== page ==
Presentation of a resolution honoring the late coach Ed Cheff | North West

BOISE — A resolution honoring Lewis-Clark State College baseball coach Ed Cheff was presented to the Senate Education Committee on Wednesday.

Sen. Robert Blair, R-Kendrick, co-sponsored the measure, along with Reps. Lori McCann and Mike Kingsley, both R-Lewiston.

The Cheff legislation was one of three bills or resolutions introduced Wednesday by lawmakers in north-central Idaho.

Rep. Charlie Shepherd, R-Pollock, has introduced a bill prohibiting companies from taking disciplinary action against employees who refuse to get a coronavirus shot.

Sen. Carl Crabtree, R-Grangeville, also introduced legislation giving charter schools the flexibility to offer charter school-specific teaching certifications for certain members of the community.

None of the measures have an invoice number yet. The resolution advanced to the Senate floor; the other bills will return to committee for public hearings.

Cheff, who became head baseball coach at LCSC in 1977, died in January at the age of 78.

“This resolution recognizes Coach Cheff for his dedication, drive and desire,” said Blair, who introduced the measure.

The resolution says Cheff compiled a record of 1,705-430-4 during his 34-year career at the LCSC. It is the fifth-most winning number by a college baseball coach and the second-highest winning percentage.

The measure goes on to note that “under Ed’s leadership, the LCSC Warrior’s have become a national powerhouse, winning 16 National (NAIA) championships…by far the most for any college baseball coach at any level.”

The resolution “honors the life and accomplishments of Coach Ed Cheff, recognizes his outstanding contributions to college baseball, Lewis-Clark State College, Lewiston and the State of Idaho, and offers condolences and best best wishes to his family and friends”.

Shepherd’s bill would prohibit most Idaho employers from firing, refusing to hire, or discriminating against someone for refusing to be vaccinated or refusing to disclose their vaccination status.

The legislation applies specifically to the COVID-19 vaccination or any other vaccination made available under a Federal Emergency Use Authorization.

Federal agencies and companies or organizations that employ healthcare workers would also be exempt from the proposed restrictions.

“The reason I think we need something like this in code is because the mess they have in Canada is getting to us,” Shepherd said, referring to a week-long trucker protest. regarding COVID-19 vaccine requirements.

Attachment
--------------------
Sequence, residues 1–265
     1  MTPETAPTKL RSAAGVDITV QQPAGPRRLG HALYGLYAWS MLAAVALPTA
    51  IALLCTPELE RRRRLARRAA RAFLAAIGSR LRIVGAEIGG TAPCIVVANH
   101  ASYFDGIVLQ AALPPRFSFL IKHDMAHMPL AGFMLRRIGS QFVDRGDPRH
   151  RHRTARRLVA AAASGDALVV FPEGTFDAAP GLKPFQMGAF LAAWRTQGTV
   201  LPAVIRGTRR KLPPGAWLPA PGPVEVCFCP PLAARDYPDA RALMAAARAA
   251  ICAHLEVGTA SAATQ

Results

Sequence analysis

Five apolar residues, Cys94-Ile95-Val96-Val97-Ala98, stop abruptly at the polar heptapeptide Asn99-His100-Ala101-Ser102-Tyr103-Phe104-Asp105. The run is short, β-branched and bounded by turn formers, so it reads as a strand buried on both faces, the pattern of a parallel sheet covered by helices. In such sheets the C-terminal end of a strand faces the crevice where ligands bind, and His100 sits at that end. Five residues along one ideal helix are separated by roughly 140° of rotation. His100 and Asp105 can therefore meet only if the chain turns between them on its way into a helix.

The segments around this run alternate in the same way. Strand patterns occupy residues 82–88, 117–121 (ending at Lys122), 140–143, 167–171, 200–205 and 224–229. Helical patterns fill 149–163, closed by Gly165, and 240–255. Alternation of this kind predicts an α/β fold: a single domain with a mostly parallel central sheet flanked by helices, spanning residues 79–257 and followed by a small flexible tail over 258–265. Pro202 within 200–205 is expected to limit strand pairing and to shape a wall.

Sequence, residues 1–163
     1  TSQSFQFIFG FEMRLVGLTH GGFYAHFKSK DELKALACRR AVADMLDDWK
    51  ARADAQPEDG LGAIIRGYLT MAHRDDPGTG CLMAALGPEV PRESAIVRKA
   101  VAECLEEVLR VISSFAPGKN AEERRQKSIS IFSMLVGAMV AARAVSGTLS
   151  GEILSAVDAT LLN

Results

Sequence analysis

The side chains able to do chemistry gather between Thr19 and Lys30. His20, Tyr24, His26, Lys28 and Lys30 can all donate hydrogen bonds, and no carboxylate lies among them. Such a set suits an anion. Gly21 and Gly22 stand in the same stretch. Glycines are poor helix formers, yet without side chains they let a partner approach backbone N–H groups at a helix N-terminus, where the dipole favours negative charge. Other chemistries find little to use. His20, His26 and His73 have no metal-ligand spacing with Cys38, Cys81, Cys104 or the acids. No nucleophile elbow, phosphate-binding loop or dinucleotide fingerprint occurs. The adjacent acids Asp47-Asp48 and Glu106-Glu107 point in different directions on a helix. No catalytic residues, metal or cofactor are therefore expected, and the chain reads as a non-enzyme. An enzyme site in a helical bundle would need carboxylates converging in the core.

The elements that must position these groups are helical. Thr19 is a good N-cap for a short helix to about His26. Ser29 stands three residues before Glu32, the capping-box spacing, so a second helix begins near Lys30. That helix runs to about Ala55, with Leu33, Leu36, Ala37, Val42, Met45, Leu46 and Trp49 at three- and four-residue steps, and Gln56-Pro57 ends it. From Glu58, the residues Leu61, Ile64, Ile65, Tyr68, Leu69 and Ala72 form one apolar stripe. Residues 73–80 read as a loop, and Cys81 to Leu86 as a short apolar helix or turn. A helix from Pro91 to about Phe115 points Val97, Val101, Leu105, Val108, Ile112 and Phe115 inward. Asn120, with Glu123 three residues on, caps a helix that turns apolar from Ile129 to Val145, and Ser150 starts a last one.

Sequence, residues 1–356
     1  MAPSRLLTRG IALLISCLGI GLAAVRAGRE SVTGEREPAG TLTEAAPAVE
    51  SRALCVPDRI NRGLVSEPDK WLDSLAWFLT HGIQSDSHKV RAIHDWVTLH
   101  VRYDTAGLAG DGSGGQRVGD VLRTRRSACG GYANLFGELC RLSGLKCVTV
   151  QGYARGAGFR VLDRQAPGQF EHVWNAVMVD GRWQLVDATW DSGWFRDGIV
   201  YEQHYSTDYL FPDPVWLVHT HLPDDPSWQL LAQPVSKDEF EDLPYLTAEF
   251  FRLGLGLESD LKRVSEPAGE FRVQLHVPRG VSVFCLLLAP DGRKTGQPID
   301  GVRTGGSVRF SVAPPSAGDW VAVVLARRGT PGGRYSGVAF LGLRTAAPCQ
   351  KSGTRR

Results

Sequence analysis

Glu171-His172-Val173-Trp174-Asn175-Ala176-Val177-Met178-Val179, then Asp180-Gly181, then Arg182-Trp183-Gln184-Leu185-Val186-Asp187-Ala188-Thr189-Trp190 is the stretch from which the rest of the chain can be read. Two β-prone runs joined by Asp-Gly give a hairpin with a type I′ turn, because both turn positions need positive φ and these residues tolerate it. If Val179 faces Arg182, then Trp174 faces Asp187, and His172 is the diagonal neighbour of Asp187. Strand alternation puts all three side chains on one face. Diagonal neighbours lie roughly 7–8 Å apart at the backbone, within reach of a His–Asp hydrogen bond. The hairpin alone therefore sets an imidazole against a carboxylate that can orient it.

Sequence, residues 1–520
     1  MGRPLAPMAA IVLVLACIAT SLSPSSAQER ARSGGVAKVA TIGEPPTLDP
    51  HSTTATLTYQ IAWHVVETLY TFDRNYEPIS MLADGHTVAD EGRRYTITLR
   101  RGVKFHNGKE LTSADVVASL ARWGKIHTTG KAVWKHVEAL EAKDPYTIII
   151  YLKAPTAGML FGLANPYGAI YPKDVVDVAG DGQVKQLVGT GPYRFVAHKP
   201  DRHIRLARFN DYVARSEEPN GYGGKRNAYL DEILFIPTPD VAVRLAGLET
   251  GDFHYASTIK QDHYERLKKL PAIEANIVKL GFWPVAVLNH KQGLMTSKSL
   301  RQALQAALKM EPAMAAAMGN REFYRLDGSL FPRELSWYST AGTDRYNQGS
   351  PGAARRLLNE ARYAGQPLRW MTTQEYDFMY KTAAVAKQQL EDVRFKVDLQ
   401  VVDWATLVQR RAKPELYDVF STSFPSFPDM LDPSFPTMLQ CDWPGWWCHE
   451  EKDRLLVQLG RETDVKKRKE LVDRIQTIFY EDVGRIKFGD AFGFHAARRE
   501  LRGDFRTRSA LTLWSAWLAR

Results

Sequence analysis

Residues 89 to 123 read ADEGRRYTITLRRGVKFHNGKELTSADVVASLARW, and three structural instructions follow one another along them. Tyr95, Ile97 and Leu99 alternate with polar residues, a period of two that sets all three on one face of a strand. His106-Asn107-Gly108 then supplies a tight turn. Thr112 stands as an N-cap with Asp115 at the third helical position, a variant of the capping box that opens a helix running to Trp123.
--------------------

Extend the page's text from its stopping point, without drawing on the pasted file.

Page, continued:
“People think we have a problem (with the supply chain) now,” Shepherd said. “But that will be nothing compared to when the shelves are empty and the trucks parked because people are tired of companies telling employees what they can or cannot do.”

Rep. Steve Berch, D-Boise, noted that marketing personnel who work for high-tech companies and other manufacturers often have to travel to foreign countries as part of their job.

“This bill states that employers cannot require employees to be vaccinated, even if the country they are visiting requires vaccinations against COVID-19,” he said. “There are so many examples where getting vaccinated is part of the job responsibility. This bill is unenforceable in many circumstances. I think it will hurt businesses in a very real way.

Crabtree has sponsored legislation giving charter schools the ability to issue charter school-specific teaching credentials to individuals who do not have standard teaching credentials.

Credentials can only be issued to people who are at least 18 years old and have a bachelor’s degree. Those teaching vocational technical education would need a bachelor’s degree or industry certification or a minimum of 6,000 hours of work experience.

Certified teachers would also have to meet the same criminal background check requirements and felony conviction restrictions that apply to other teachers.

Rep. Charlie Shepherd, R-Pollock, introduced similar legislation last session, though it applies to public schools, as well as charter schools. This bill passed in the House 54-13, but then died in the Senate.

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